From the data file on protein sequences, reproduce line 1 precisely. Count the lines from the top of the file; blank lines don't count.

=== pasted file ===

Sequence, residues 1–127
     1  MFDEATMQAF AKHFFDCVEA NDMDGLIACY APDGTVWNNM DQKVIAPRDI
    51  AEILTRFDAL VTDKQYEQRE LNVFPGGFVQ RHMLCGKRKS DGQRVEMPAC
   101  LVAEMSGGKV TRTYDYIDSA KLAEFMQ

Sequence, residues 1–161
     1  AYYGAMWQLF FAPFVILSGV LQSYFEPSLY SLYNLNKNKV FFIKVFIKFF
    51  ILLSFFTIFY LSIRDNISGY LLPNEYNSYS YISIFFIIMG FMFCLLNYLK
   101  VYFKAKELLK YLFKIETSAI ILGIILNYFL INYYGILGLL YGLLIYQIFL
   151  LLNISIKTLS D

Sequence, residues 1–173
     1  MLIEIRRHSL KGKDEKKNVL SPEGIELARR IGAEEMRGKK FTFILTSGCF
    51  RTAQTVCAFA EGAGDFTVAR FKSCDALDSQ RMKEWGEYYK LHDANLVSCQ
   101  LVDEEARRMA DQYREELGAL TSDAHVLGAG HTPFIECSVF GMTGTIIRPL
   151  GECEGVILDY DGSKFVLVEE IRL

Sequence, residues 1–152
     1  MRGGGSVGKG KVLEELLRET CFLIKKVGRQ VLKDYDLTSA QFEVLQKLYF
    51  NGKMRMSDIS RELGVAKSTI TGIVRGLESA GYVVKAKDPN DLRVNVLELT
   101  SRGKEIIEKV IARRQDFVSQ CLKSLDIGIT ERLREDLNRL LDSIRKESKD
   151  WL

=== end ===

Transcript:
Sequence, residues 1–127